This form of racism is so deeply woven into the fabric of the United States, that it is largely subconscious for many Americans. Although it was White European settlers who were the originators of anti-Black racism in this country, they are not the only perpetuators of it today. Anti-Black sentiments are both consciously and subconsciously held by Americans across racial and ethnic groups. As someone who engages in anti-racism work, I find that many people hold the faulty notion that racism and racial biases are only perpetuated by White people, but this couldn’t be further from the truth. Racism is a system and it is very much alive and well in communities of color throughout this count…

End of Semester Reflections: Sometimes You Have to Fail To Succeed

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As I end another semester with gratitude and a full heart, I can’t help but think about the fact that I almost left my teaching career to work full time as a communication consultant for a corporate company. The President of this company promised me a great career and future after meeting me only once. I was extremely flattered by his excitement, in fact I was so flattered that I overlooked the fact that he didn't know much about me beyond the fact that I was an adjunct who taught mostly public speaking classes. Looking back, it is clear that I was seen as the potential diversity hire that they were desperate for.

At the time, I was a young 26 year old who was hungry for success, and was excited for the $$$ that I would make working for a consulting firm. Even though I loved teaching, I was ready to walk away from the adjunct life I was living and excited to travel the world training employees on public speaking and leadership skills. I worked two days a week for about two months…

Indian Women: We are Phenomenal, Too.

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Contrary to societal stereotypes, Indian women are a heterogeneous identity group and we are much more than dutiful, intelligent, submissive, and exotic...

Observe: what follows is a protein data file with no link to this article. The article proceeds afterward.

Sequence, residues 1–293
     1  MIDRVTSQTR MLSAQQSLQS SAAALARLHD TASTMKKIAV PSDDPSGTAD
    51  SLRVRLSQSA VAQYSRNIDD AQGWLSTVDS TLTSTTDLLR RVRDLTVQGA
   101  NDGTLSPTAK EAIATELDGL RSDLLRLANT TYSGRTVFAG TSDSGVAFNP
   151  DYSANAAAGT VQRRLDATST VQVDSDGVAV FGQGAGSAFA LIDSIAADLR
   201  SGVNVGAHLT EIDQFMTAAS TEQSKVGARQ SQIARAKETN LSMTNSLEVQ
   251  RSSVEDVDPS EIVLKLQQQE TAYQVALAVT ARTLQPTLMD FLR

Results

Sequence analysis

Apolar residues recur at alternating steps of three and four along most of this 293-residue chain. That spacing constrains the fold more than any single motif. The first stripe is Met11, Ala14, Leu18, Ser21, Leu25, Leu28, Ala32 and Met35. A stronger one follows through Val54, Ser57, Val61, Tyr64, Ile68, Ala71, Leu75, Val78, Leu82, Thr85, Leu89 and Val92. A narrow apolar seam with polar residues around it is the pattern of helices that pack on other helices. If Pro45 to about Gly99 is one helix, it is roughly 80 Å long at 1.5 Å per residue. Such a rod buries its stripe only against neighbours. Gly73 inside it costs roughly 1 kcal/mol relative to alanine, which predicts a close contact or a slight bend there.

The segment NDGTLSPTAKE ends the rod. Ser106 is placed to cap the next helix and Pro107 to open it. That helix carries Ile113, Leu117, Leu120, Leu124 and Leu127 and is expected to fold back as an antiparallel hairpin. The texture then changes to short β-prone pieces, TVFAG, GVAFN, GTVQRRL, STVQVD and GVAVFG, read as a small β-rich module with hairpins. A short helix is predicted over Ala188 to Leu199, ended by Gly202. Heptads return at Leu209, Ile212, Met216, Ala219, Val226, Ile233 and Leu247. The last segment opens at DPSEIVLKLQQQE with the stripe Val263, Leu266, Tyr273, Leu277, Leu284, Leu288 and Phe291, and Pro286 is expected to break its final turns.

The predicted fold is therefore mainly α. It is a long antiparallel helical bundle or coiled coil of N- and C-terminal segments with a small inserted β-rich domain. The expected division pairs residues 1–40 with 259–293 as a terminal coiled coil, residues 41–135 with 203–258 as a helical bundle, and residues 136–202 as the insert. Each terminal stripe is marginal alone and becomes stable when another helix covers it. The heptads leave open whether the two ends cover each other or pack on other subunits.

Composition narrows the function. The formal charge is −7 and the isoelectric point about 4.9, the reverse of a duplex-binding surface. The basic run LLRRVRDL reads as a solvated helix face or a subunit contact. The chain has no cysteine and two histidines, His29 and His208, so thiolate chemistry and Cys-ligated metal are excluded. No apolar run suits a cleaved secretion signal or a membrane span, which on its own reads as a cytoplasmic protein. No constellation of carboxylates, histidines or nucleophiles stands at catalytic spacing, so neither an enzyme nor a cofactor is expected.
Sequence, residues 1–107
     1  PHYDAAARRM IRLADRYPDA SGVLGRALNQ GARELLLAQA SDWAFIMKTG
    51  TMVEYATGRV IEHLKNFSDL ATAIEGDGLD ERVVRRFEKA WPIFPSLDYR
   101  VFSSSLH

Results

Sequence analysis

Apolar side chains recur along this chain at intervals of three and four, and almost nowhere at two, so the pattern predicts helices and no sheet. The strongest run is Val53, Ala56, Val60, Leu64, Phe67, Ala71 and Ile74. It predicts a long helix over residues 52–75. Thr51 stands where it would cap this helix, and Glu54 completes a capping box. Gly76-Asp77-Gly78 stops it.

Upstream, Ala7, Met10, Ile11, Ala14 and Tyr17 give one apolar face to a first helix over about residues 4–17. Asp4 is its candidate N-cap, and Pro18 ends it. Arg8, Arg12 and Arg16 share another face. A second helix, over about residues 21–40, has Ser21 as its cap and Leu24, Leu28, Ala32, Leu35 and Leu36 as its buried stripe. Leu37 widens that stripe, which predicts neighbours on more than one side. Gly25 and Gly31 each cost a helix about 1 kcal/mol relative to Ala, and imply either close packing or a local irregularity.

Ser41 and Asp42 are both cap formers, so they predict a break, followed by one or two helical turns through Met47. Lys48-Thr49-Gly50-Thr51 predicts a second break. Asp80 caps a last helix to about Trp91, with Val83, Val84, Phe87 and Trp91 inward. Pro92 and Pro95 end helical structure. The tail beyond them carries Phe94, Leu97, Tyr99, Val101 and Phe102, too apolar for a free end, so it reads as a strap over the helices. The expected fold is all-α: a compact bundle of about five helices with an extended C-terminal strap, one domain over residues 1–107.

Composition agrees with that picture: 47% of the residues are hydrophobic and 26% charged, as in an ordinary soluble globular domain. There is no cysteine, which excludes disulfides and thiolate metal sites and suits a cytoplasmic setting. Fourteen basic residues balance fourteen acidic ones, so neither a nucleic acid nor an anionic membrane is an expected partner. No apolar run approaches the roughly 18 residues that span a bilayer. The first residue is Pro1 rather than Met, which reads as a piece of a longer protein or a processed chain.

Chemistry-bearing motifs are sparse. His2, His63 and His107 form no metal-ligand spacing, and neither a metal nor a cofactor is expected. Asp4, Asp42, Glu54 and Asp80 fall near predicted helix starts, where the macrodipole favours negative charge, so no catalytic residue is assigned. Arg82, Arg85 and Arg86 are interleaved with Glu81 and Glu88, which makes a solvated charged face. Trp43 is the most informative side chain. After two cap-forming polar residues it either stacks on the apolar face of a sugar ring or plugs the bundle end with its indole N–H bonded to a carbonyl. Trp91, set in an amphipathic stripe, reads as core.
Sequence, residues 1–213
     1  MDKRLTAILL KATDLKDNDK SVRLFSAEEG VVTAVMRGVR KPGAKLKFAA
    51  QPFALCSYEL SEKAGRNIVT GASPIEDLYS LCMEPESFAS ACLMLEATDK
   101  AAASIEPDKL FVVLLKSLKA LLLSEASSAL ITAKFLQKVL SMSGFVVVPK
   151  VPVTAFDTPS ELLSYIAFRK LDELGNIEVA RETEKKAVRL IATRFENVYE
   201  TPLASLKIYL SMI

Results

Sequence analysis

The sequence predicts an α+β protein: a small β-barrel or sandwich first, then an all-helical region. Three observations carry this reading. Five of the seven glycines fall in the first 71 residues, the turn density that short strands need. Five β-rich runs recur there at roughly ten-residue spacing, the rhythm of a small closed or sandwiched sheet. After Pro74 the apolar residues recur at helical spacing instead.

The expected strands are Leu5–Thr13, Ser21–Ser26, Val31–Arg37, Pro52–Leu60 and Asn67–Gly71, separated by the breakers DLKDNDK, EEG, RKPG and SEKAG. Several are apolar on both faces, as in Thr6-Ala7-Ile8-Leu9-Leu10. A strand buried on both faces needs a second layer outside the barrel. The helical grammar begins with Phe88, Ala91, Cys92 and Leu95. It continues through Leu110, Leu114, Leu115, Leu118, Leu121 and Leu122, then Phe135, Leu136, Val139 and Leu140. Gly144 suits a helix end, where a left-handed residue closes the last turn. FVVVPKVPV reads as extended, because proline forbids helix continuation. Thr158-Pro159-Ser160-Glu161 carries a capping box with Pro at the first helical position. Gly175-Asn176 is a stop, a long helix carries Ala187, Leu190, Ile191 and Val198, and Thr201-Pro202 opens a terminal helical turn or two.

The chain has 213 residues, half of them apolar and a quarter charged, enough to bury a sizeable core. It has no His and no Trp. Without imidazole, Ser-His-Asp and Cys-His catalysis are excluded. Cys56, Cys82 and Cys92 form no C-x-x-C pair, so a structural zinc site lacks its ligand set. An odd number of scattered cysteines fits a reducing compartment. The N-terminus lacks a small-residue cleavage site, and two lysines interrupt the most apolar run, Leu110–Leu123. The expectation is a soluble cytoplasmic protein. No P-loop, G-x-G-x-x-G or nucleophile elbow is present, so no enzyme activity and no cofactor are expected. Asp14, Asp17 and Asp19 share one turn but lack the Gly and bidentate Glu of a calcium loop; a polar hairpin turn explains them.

We are entrepreneurs, scientists, medical professionals, business executives, lawyers, politicians, engineers, teachers, psychologists, AND we are stay at home moms, make up artists, estheticians, chefs, actors, musicians, comedians, bartenders, and college drop outs. ⠀⠀

We are Hindu, Muslim, Christian, Sikh, Jewish, Buddhist, AND we are Atheist.

We are immigrants who speak English with a thick Indian accent AND we are American born native English speakers who don’t know how to speak the native language of our parents.

We are straight AND we are lesbian, bisexual, transgender, intersex, and questioning.

We have the deepest hues of dark brown skin AND the lightest hues of milky fair skin.

We are traditional, conservative, and conform to cultural norms AND we break all the rules and move to the beat of our own drum.

We get arranged …

Disrupting Colorism in South Asian American Communities

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These three women are dark and lovely and they are proof that you don't have to have light skin to be absolutely beautiful. Thanks to skin color discrimination that has a long standing history in South Asian communities, images like this that depict dark skinned females in a positive way are extremely rare to come by.
Colorism (the prejudice and discrimination towards dark skin that tends to happen within racial or ethnic groups) has recently been widely challenged and criticized thanks to the power of social media. Campaigns such as #unfairandlovely have helped to de-stigmatize and normalize dark skin and empower our dark skinned brothers and sisters.  I am deeply committed to  disrupting colorism and in the video below I touch on the history of colorism in India and how this toxic skin color bias has managed to survive and thrive within South Asian American communities. I also explore how Black American history is tied into why colorism has been reinforced here in the U.S. whic…